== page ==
Home India 2007 Software’s mark on the telecom industry

Software’s mark on the telecom industry

by david.nunes
Ravi Venkatesan Issue: India 2007
Article no.: 9
Topic: Software’s mark on the telecom industry
Author: Ravi Venkatesan
Title: Chairman
Organisation: Microsoft India
PDF size: 312KB

About author

Ravi Venkatesan is the Chairman of Microsoft India. Prior to joining Microsoft, Mr Venkatesan worked for over 17 years with Cummins Inc, a US-based designer, manufacturer and distributor of engines and related technologies. He served in various leadership capacities at Cummins, including Chairman of Cummins India Limited and Managing Director of Tata Cummins Limited, a joint venture between Cummins Inc. and Tata Motors. Mr Venkatesan is a member of the Executive Council of NASSCOM, the Confederation of Indian Industry, CII, a Director on the Board of Thermax Ltd and a member of the Advisory Council of the Indian Institute of Technology, Bombay and IIIT-Bangalore. He has contributed frequently to the Harvard Business Review and some of his articles include, “Strategic Sourcing – to Make or Not to Make” and “The Strategy that Wouldn’t Travel”. Ravi Venkatesan has a BS in Mechanical Engineering from the Indian Institute of Technology, Bombay (1985), an MS in Industrial Engineering from Purdue University (1986) and a MBA from Harvard University (1992), where he was a Baker Scholar. Mr Venkatesan was awarded Purdue University’s Outstanding Industrial Engineer award for the year 2000 and the Distinguished Alumnus award by the Indian Institute of Technology in 2003.

Article abstract

Last year, mobile grew 97 per cent in India; the mobile phone is now one of India’s most important tools. India has the world’s cheapest rates for voice, but this cuts the operators’ average revenue per user. Service providers need to deliver personalised experiences at home, at work, or on the move to retain subscribers and build revenue through new services. Multi-service delivery platforms can extend and differentiate services like IPTV messaging, email and gaming while reducing costs.

Full Article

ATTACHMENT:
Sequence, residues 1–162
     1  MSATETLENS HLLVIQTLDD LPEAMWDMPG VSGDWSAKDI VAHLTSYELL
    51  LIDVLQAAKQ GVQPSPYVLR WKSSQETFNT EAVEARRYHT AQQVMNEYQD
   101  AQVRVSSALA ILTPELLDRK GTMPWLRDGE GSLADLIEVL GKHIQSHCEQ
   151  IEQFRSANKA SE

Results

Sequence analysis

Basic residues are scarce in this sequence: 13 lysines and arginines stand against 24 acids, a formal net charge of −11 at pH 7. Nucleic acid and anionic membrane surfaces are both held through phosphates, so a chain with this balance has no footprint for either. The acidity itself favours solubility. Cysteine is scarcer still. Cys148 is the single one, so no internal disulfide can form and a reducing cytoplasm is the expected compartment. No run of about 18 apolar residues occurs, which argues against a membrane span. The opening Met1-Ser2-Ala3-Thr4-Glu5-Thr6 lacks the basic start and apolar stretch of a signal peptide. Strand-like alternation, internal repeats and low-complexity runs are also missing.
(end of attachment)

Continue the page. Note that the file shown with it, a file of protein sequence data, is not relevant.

The telecoms industry in India has seen phenomenal growth in recent years. Recently valued at over US$100 billion, or approximately 13 per cent of India’s GDP, the good news for operators is that there is still significant – and untapped – potential, given that telephony penetration is currently less than ten per cent and broadband is just taking off. Nowhere is this more evident than in the wireless segment. Between December 2005 and December 2006, the Telecom Regulatory Authority of India, TRAI, reported that the number of wireless subscribers grew 97 per cent from 75.94 million to 149.5 million, and this growth is expected to continue. For many, the mobile phone is not just a means of communication; it has become a lifestyle and business tool. The ubiquity of this little device has allowed professionals to stay in touch with their clients, or fishermen to find the port that offers the best price for their catch. For people in rural areas it is a lifeline to the outside world. In fact, some say the mobile phone is the most important tool to hit Indian society since the wristwatch. The world’s cheapest mobile voice One factor driving the adoption of mobile devices has been the increase in the subsidy offered by the operators. India now boasts the world’s cheapest rates for voice calls. While this is good news for subscribers, this has caused a drop in operators’ average revenue per user, ARPU, which means they must think about new strategies and new services they can deliver to boost ARPU. Content and value-added services will be key differentiators in this highly competitive market. Consumers have shown they are willing to pay for rich services and digital entertainment, such as the latest information on Bollywood and cricket. In this new Digital Decade, they want connected experiences – when they are being productive at work, doing new creative things, playing games or sharing photos and videos with each other. The digital lifestyle offers a world in which information and entertainment can flow to the consumer or business user, where, when and how they need it. Although many operators are in prime positions to take advantage of the convergence of voice, data, multimedia and applications, not all providers have the agility required to roll-out these new service options quickly and cost-effectively. Repositioning, redesigning and repackaging existing sales, delivery, customer care and other services is complex and expensive, requiring heavy investments in time and resources. Accordingly, operators have adopted different market approaches – for example, leveraging mobile virtual network operator, MVNO, services, or utilising a services-based selling model. Delivering value-added services The key to a win-win situation for both operators and subscribers is for operators to find ways to monetise this demand by transforming infrastructure investments into greater customer value. This requires a network that can support a robust metering and billing system together with excellent customer care to maintain satisfaction. What is most exciting is that software will drive these changes and will be instrumental in driving many of the developments in the industry. In the Telco 2.0 era, operators need to figure out not just how they can do the same with less, but also how they can do more with the same. Based on our experience, those that adopt a multi-services delivery platform have the best opportunity to extend and differentiate their service offerings while reducing overall costs. This software-driven network platform allows for numerous applications and types of content from a variety of sources to be brought together to form composite services – and the combinations of potential new services are nearly limitless! For example, a software framework for connected services allows operators to use the same infrastructure to deliver IPTV efficiently along with a range of other communications and entertainment services, such as instant messaging, mobile email, voice and gaming. Not only will this help increase their agility to deliver converged services quickly and cost-effectively, but operators will be able to customise and bundle services for specific market segments to help reduce churn, build customer loyalty and revenue. Once a robust service delivery platform is in place, the next area of focus would be revenue-generating services that combine communications capabilities such as voice and email with TV, video, music, movies and retail opportunities. To appreciate the myriad possibilities for aggregated service in the new software-powered service network fully, picture these two scenarios: • To discuss a time-critical project, an office worker in Mumbai emails another colleague in Bangalore setting up a link to a ‘live meeting’ session after checking that she is online. By clicking her contact information to establish a VoIP call, he can use the web conference function to collaborate on the presentation. • While a subscriber is watching a cricket match via IPTV, he discusses the game with his friends using a messenger client that appears on-screen. He then initiates a voice call to his brother by launching voice over IP, VoIP, from the on-screen TV menu. During a lull in the game, he can play his favourite online video game while keeping tabs on the match using a small picture-in-picture, PIP, in the corner of the screen. Past games statistics can also be made available to complete the viewing experience. These scenarios will become reality in the near future, and operators are already taking steps in this direction. Recently, Hutch Essar announced a tie-up with global entertainment brand Walt Disney Internet Group to offer subscribers access to Disney content on their mobile phones. In Singapore, SingTel’s Generation mio offers consumers the ability to access innovative mobile, fixed line and wireless broadband services through a single box. We believe that such providers are extremely well positioned to deliver the vision of a digital age to businesses and consumers, The combination of ubiquitous broadband networks, service integration and the magic of software are the winning ingredients to deliver the unique, highly personalised services users demand as part of today’s digital lifestyle. Empowering business success Consumers are not the only ones who can benefit from always-on connectivity. IDC research indicated that SMBs, small and medium businesses, in Asia will spend more than US$52 billion on IT services this year. Many of these companies see technology as a business leveller and are keen to adopt innovative applications, but may not necessarily have the skill set to implement and maintain such solutions. To this end, Bharti Airtel and VSNL have both announced separate initiatives with the software developer to offer a range of software and services to help reduce IT expenditures and operating costs. Airtel will provide enterprise-class software bundled with connectivity solutions to small businesses that do not have dedicated IT resources using a pay-as-you-go model, and VSNL will provide advanced, security enhanced, email services to SMBs. More employees are spending a significant amount of time away from their desks. Businesses are going mobile, and the operator that is able to offer an integrated solution will stand to gain an advantage. Today, the Indian business person is able to choose from more than 20 different smartphones to get always-on connectivity to their email, calendar, tasks, contacts and even information and applications on their servers to enjoy a level of agility that will enhance their competitiveness. With smartphones, its the operating system that makes a difference to users. Going the extra mile in customer care At the end of the day, the operators that win will be the ones that provide innovative and useful services. They will be able to profile their various customer segments and better understand what subscribers are looking for. This is why it is important to ensure customer information is centralised and accessible when needed. The delivery of customer data across multi channel environments should be automated to improve overall customer service experience. All the information needed by the call centre agent should be available through a single, easy-to-use interface, making the customer care process smoother and more intuitive. One, for example, that enables contact centre efficiency by delivering better information faster to service representatives, reducing operating costs, and delivering an improved, consistent customer experience. By having an agile customer contact centre, operators will be able to provide a consistent customer experience and be optimised for overall customer service experience. Looking ahead In the future, instead of voice on your mobile phone, data on your PC and video on your TV, these devices will simply be a window into a world of communication and entertainment, with seamless access. Service providers need technology enablers to help deliver richly personalised experiences across all aspects of a user’s life – whether at home, at work, or on the move. In this way, not only will service providers create a stronger bond with their customers, they will also reduce subscriber churn and add incremental revenue opportunities with new services.